Robert Penn Warren (1905-1989)
Robert H. Brinkmeyer, Jr.
Classroom Issues and Strategies
Warren is a very accessible poet, with a strong sense of narrative and
a nonintimidating diction, both of which students generally enjoy.
Warren's great concern with the historical vision and the meanings found
in memory and the past are distinctly southern. For students with no background
in southern literature, these interests may seem forced, even bizarre in
their intensity. A general overview of some of the major themes of twentieth-century
southern literature would help put Warren into perspective.
The poetry speaks for itself, but I do think, as I have said, that discussing
Warren's "southernness" is an effective way to begin a discussion
of him. One might go from there into a discussion of which poems clearly
evoke a southern perspective and which don't--and then, why and why not,
which are more effective, etc.
Students generally respond well to Warren's poetry, particularly to
that in which the persona struggles with problems of identity and meaning.
The poetry selected here is quite varied, so questions arise about continuities/discontinuities
in terms of subject matter and poetic vision between the poems, and about
the different stanza forms and the lines employed by the poet. Warren's
depiction of the natural world-- the hawk, for instance--is quite striking,
and students like to discuss this aspect of his work.
Major Themes, Historical Perspectives, and Personal Issues
1. The self in the world, particularly one's relationship with nature.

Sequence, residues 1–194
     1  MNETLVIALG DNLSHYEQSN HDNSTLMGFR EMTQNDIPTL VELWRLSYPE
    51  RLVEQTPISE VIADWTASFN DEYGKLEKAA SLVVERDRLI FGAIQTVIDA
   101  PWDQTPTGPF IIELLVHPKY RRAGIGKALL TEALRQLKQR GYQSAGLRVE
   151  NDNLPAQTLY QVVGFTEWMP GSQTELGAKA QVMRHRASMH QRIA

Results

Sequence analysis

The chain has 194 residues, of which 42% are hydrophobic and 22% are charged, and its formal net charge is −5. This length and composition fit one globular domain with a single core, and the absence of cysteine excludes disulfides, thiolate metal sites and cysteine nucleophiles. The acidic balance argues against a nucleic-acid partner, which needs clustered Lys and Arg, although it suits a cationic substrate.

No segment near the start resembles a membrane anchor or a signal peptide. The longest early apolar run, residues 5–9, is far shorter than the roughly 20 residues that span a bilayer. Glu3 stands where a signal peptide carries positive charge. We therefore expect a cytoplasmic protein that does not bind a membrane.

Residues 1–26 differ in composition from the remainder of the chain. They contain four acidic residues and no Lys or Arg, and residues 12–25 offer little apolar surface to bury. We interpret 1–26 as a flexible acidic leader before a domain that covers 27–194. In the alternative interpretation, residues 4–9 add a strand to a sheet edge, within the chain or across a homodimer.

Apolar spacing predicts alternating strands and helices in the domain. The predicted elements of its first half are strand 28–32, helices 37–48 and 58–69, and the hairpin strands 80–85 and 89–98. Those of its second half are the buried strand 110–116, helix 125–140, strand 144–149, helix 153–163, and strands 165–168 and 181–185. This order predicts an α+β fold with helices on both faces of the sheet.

2. The meaning and significance of history.
3. The limits of the creative imagination and human knowledge.
4. The quest for meaning in continuities and in the assimilation of
the self with the world outside it.
Significant Form, Style, or Artistic Conventions
Topics for questions might include: the significance of narrative and
the dramatic in Warren's verse; the effectiveness of a diction that frequently
tends toward the colloquial; the contrast between Warren's narrative verse
("Amazing Grace in the Back Country") and his poetry of statement
("Fear and Trembling"); the role of the persona; the form of
Warren's verse, including stanza and line.
In "Infant Boy at Midcentury," one might discuss what was
happening (and had just happened) in the world at midcentury, particularly
in light of and in contrast to Warren's traditional upbringing and sympathies.
Comparisons, Contrasts, Connections
Three southern poets with similar interests come to mind: John
Crowe Ransom, whose verse is more formal and controlled than Warren's;
Allen Tate, who explores
in his poetry the tensions arising from problems of history, time, and
identity; and James Dickey, whose verse is strongly narrative. In addition,
look at any of the confessional poets, but particularly Robert
Lowell; a comparison with them is fruitful in trying to establish whether
Warren's poetry should be read as confessional.
Bedient, Calvin. In The Heart's Last Kingdom: Robert Penn Warren's
Major Poetry. Chapter 2, "His Mature Manner."
Bloom, Harold. "Sunset Hawk: Warren's Poetry and Tradition."
In A Southern Renascence Man: Views of Robert Penn Warren, edited
by Walter B. Edgar.
Justus, James. The Achievement of Robert Penn Warren. Section
1, "Warren the Poet."
Strandberg, Victor. The Poetic Vision of Robert Penn Warren.
"Introduction: The Critical Reckoning."